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ROVI Report

ROVI Report – IV. HOW VIDEO DRIVES CUSTOMER EXPERIENCE (CX)

By November 15, 2021May 5th, 2022No Comments

CUSTOMER RESPONSE TO VIDEO

When TruVideo initially started with video, we wanted customers to see and understand the repairs they needed or the vehicle they wanted to buy. The video experience was able to build trust and allow the customer to see everything on their terms. What we learned was that we missed a lot of the benefits video would ultimately provide. On top of building trust, all of these benefits immediately drove up the CX scores. As a matter of fact, we were contacted by multiple OEMs early when they saw the number of written survey comments that included a positive experience with getting a video.

Actual Customer Feedback

VIDEO & NET PROMOTER SCORE

As part of our report, one OEM partner, who we view as a leader in video utilization, shared some of their data with us. From the beginning, they compared repair orders with a video communication and those without. They did this with customer experience metrics and revenue.

In this OEMs first year of digital service they showed a sharp difference in Service Intent to Return NPS when a video was taken. This jump in customer sentiment was coupled with a simultaneous rise in revenue, which we will discuss in the revenue section.

SERVICE RESULTS

AVERAGE VIEWS PER SERVICE VIDEO: 1.31

When we saw the average customer watching the video two times, we considered how that affected CX. We asked ourselves: if a customer gets a transparent video directly from the expert and feels the need to watch it twice to absorb the message, how would a customer without a video feel? Without video, the customer does not see the repair, speaks to a middle person, and has to try to recall that conversation.

THE AVERAGE VIDEO IS SHARED 39% OF THE TIME.

One big eye-opener for us was realizing that many customers were not just watching the videos but also sharing. There was more than one decision maker in the transaction. After a comparison with life before video we further discovered video was fixing the communication chain. The exact inspection from the technician was reaching everyone in the communication chain for the first time.

AVERAGE RESPONSE TIME FOR SERVICE VIDEO: 2:27 minutes

In service, customers love being able to watch transparent videos on their terms and respond quickly. Repair shops love quick responses because they are selling a very perishable item called time. If you lose a minute, it is gone forever. It truly is a win for everyone.

FIXING THE COMMUNICATION CHAIN

Lost Repair Dollars $1480

One item we humbly admit we did not understand going in was how video would fix the communication chain. For example, techs were doing a great multipoint inspection (MPI) and posting six recommendations.

The advisor was watering down the recommendations for three main reasons:

  1. They were afraid to sticker shock the customer.
  2. They thought the tech might be over-selling.
  3. They were new to the industry and didn’t understand what they were selling so
    they omitted items.

Whatever the reason, the six recommendations reduced to four, then the advisor tried to verbally articulate them to a customer, who then tried to explain them to a confidant. By the time the final person heard the message, it did not sound anything like what the tech had recommended. It was like a complicated version of the phone game.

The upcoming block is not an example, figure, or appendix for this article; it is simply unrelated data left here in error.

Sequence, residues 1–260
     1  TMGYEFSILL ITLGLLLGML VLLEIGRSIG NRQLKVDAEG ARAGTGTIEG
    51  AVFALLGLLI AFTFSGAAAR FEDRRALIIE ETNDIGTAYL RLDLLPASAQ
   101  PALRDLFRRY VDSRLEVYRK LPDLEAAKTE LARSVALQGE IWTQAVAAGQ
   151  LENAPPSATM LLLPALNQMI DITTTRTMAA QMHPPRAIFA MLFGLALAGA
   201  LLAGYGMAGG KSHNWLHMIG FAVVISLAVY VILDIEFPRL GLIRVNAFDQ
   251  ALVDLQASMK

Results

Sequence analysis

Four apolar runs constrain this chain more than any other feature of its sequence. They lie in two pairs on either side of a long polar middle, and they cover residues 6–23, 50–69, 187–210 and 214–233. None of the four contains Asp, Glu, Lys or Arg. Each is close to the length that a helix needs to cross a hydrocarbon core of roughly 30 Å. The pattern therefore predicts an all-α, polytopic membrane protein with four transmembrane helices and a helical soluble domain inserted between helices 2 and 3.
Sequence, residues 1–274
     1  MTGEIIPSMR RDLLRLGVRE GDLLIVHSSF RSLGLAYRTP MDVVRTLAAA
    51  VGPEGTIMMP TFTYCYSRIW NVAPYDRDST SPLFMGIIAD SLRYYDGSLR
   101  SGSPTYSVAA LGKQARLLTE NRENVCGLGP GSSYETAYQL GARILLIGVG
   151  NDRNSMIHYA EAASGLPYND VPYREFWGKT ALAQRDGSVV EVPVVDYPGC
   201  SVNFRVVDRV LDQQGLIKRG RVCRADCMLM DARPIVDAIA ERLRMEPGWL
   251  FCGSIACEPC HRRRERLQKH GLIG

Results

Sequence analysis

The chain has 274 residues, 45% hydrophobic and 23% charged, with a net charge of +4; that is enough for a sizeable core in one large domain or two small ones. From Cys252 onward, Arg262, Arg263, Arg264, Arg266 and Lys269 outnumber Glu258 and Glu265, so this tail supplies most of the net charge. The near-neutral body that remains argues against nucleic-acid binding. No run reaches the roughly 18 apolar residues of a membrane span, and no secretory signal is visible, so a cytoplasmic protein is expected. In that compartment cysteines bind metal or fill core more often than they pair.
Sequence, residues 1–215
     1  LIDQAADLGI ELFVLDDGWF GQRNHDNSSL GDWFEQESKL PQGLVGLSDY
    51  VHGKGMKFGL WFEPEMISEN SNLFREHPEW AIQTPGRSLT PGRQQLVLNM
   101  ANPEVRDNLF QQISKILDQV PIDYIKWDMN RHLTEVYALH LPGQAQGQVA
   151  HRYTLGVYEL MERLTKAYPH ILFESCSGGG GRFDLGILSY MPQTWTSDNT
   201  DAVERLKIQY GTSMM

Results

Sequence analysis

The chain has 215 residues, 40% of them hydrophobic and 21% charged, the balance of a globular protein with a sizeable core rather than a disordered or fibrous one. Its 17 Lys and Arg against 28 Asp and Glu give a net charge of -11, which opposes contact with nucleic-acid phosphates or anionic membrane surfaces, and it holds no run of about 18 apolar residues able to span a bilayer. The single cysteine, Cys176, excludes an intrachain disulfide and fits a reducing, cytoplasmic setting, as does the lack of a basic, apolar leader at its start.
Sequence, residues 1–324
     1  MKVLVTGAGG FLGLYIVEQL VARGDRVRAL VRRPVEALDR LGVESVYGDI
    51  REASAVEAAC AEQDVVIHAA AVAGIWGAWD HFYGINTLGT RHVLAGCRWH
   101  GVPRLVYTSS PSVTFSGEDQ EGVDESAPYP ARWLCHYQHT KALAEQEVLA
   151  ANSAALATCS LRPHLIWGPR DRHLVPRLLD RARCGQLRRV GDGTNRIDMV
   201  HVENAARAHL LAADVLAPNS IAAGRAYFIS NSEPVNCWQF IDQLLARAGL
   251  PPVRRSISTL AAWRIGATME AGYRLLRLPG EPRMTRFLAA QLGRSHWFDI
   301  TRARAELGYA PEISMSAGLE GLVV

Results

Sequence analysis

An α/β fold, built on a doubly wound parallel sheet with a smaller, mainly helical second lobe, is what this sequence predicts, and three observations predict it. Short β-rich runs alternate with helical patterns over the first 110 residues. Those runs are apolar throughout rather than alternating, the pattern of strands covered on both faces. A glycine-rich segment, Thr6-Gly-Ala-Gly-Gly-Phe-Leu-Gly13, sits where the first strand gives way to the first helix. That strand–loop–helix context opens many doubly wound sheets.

By watching the data on sharing, we were able to see the exact inspection go through the whole communication chain. The same message from the tech was making it to everyone involved in the transaction.

SALES RESULTS

AVERAGE VIEWS PER SALES VIDEO: 1.13

Video communication is exploding in sales. The experience of giving the customer a communication that is remote and personalized is valuable to customers. Buyers like to see the vehicle they want, with the features they want, in the condition they expect. On a large purchase, like an automobile, being able to view a video presentation multiple times can be the difference between whether someone buys a car or not.

THE AVERAGE VIDEO IS SHARED 36% OF THE TIME

As we have learned in service, there are often multiple decision makers and sharing videos is the best way for customers to get feedback from people they know and trust. Unlike service, in sales there are multiple types of videos being sent out which can affect this number. As we progress into the future, the ability to tag videos will be important to clean up the data. We want to know how customers engage with every type of video execution.

AVERAGE RESPONSE TIME IS 27:27 minutes

Different videos are sent out for different reasons. Some are sent from the Business Development Center as an introduction, some from sales people to show a vehicle, and others may be to confirm an appointment or thank a customer for stopping by. The point is, because there are different types of sales videos, the data is not as clear. You can see that in how the sales share numbers on all videos tend to be lower and average response times tend to be higher.

The ROVI report is designed to explain how video communication is changing the way sales and service businesses in transportation connect with their customers.